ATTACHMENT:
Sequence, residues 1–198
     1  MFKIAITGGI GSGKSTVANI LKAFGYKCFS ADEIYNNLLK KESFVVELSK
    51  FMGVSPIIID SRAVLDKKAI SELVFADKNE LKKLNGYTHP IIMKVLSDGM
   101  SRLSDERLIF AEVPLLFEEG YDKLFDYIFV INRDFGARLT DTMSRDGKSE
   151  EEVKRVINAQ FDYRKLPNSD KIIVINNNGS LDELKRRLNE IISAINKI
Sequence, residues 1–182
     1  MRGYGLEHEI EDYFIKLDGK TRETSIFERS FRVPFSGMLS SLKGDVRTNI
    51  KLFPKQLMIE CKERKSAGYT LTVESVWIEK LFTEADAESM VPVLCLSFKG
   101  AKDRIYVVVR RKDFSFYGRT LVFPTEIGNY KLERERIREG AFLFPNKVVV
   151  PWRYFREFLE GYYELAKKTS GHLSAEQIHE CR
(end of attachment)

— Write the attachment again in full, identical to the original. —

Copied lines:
Sequence, residues 1–198
     1  MFKIAITGGI GSGKSTVANI LKAFGYKCFS ADEIYNNLLK KESFVVELSK
    51  FMGVSPIIID SRAVLDKKAI SELVFADKNE LKKLNGYTHP IIMKVLSDGM
   101  SRLSDERLIF AEVPLLFEEG YDKLFDYIFV INRDFGARLT DTMSRDGKSE
   151  EEVKRVINAQ FDYRKLPNSD KIIVINNNGS LDELKRRLNE IISAINKI
Sequence, residues 1–182
     1  MRGYGLEHEI EDYFIKLDGK TRETSIFERS FRVPFSGMLS SLKGDVRTNI
    51  KLFPKQLMIE CKERKSAGYT LTVESVWIEK LFTEADAESM VPVLCLSFKG
   101  AKDRIYVVVR RKDFSFYGRT LVFPTEIGNY KLERERIREG AFLFPNKVVV
   151  PWRYFREFLE GYYELAKKTS GHLSAEQIHE CR